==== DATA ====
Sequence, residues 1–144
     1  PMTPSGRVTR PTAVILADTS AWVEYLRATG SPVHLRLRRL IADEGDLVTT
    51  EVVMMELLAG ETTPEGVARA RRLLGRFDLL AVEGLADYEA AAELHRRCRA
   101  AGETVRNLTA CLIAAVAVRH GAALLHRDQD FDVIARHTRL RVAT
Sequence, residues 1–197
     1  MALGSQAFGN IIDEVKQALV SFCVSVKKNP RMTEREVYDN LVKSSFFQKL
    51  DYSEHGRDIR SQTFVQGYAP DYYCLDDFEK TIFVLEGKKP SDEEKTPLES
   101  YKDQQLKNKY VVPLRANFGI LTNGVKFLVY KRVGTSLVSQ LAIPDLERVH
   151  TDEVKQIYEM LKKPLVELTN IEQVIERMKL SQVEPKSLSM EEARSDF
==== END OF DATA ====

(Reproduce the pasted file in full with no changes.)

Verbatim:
Sequence, residues 1–144
     1  PMTPSGRVTR PTAVILADTS AWVEYLRATG SPVHLRLRRL IADEGDLVTT
    51  EVVMMELLAG ETTPEGVARA RRLLGRFDLL AVEGLADYEA AAELHRRCRA
   101  AGETVRNLTA CLIAAVAVRH GAALLHRDQD FDVIARHTRL RVAT
Sequence, residues 1–197
     1  MALGSQAFGN IIDEVKQALV SFCVSVKKNP RMTEREVYDN LVKSSFFQKL
    51  DYSEHGRDIR SQTFVQGYAP DYYCLDDFEK TIFVLEGKKP SDEEKTPLES
   101  YKDQQLKNKY VVPLRANFGI LTNGVKFLVY KRVGTSLVSQ LAIPDLERVH
   151  TDEVKQIYEM LKKPLVELTN IEQVIERMKL SQVEPKSLSM EEARSDF